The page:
In modern times it has been said this way: “For those who believe, no proof is necessary. For those who don’t believe, no proof is possible.” /Stuart Chase, 20th century/
Paul Tillich, a highly respected theologian once said: “Doubt is not the opposite of faith; it is one element of faith.” /Paul Tillich, 20th century/
Robert Browning a British poet and playwright put it this way: “I show you doubt, to prove that faith exists.” / Robert Browning, 19th century/
Madeleine L’Engle, an American writer responded when asked, “Do you believe in God without any doubts?” “I believe in God with all my doubts. Sometimes I fear we as Christians believe it is not ok to have doubts. Doubt is not an enemy of God. I remember once, about 8 years ago, having dinner with a friend and he asked me what I would do if I had a child one day who didn’t believe in God. I thought about that for a while and said it would indeed make me very sad because my relationship with God is what gives me the strength I need to make it through all of life’s moments; BUT I believe in a God whose existence, thankfully, is not dependent on the belief of my child.” /Madeleine L’Engle, 20th century/
Thanks to Doubting Thomas, and others who have shared their doubts, we can rest easy tonight, knowing that we are not the first to have doubts when things get tough. And things always get tough from time to time, that’s the way life is. The question is not will we have times of weakened faith; the question is are we willing to hold on long enough to allow the grace of God to once again enter into our hearts and souls and lift us up and perhaps, like Doubting Thomas, offer us some visible proof. I know, I know, all the scholars tell us that God no longer does these types of things. “The time of miracles and sightings of the Risen Christ’ have ceased.” Yes, I have heard the quotes. All I can tell you is I am grateful those scholars and theologians are not members of our church!
I have only been an ordained minister since November the sixth 1994. Not a very long time really, but most certainly, my journey as an ordained clergy person has been during modern times, not ancient biblical times. With this in mind – I must now tell you – that more than once, more than twice, numerous times actually, I have been told of sightings by sane and respected people I might add; regulars at many a church services I have attended, who tell me they have seen Jesus or felt his presence or heard his voice. Ridiculous I know, but these good folks have testified, acted as witnesses to these events as truths in their personal lives.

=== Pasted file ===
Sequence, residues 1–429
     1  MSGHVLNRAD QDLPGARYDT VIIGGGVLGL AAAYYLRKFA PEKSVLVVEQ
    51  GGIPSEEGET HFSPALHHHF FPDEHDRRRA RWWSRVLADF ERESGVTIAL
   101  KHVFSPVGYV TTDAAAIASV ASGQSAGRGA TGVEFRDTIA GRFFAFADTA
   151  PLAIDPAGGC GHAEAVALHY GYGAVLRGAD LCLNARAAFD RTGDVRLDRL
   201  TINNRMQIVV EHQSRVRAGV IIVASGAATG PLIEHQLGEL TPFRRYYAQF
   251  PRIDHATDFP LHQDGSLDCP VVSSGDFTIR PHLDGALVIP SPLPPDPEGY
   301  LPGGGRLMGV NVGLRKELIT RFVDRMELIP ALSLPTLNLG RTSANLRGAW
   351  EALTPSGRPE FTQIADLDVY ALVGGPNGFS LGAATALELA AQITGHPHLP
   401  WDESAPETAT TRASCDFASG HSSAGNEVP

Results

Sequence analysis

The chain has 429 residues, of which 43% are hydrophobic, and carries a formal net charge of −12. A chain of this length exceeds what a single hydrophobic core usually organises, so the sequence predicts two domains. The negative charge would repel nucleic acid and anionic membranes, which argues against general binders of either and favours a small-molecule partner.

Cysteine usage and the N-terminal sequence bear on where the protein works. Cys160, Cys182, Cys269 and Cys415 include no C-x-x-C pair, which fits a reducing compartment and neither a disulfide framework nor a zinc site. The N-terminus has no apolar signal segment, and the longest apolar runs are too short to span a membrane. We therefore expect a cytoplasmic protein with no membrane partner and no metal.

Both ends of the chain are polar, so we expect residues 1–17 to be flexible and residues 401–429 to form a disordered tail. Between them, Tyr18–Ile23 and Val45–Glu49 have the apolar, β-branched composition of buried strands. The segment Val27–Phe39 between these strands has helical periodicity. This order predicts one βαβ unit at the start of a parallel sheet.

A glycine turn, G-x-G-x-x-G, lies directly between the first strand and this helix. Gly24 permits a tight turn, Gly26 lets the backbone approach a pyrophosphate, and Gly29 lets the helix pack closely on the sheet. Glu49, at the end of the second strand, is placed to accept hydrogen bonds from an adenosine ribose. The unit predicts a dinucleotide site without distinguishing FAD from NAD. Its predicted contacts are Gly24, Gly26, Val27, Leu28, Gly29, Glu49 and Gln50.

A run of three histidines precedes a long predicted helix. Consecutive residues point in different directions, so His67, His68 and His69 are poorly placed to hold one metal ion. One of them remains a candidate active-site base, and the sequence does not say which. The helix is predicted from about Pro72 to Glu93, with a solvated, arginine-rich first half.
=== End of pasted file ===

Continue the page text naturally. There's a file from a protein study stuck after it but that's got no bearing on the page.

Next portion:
Personally, I have not seen Jesus, as the disciples and Thomas did, nor have I heard his voice. Yet, on a number of occasions I have had God talk to me through others, through visions and through my dreams as people like Joseph, Simon Peter, like the Apostle Paul and many others who have experienced God’s living presence. On a number of occasions I have felt the Living God, the Living Spirit of God – pass through me – through the words of a prayer I offered up and I have witnessed true miracles! So have a number of past and present members of this and other congregations I have served. I know because you and they have told me this!
I am grateful for the story of Thomas and his doubts because the gospels tell us of the many miracles that he and the other disciples witnessed Jesus perform. I am grateful because, despite all the signs that God has given me, despite all the opportunities I have had to feel the hand of God touch me, all the times I have felt the breath of God upon my face… I still have a doubt or two from time to time! Sometimes I want visible proof, yet I do not get one, at least not one like the one I ask for. Very seldom does God respond to demands as Jesus responded to Thomas’ that day!
Jesus says to the disciples whom were hiding behind locked doors; Jesus says to them after he miraculous appears with them in that room, “Peace be with you.” That’s what Jesus does. [When doubts churn in our heads or in our guts – God comes to us, in one form or another and says to us, perhaps not in voice but in spirit or touches us in some way, and we feel God’s gentle caress as God expresses to us that simple but most holy thought: “Peace be with you.”] /Kate Huey/
John 20: 19, 24-29
When it was evening on that day, the first day of the week, and the doors of the house where the disciples had met were locked for fear of the Jews, Jesus came and stood among them and said, “Peace be with you.”
But Thomas (who was called the Twin), one of the twelve, was not with them when Jesus came. So the other disciples told him, “We have seen the Lord.” But he said to them, “Unless I see the mark of the nails in his hands, and put my finger in the mark of the nails and my hand in his side, I will not believe.” A week later his disciples were again in the house, and Thomas was with them. Although the doors were shut, Jesus came and stood among them and said, “Peace be with you.” Then he said to Thomas, “Put your finger here and see my hands. Reach out your hand and put it in my side. Do not doubt but believe.” Thomas answered him, “My Lord and my God!” Jesus said to him, “Have you believed because you have seen me? Blessed are those who have not seen and yet have come to believe.”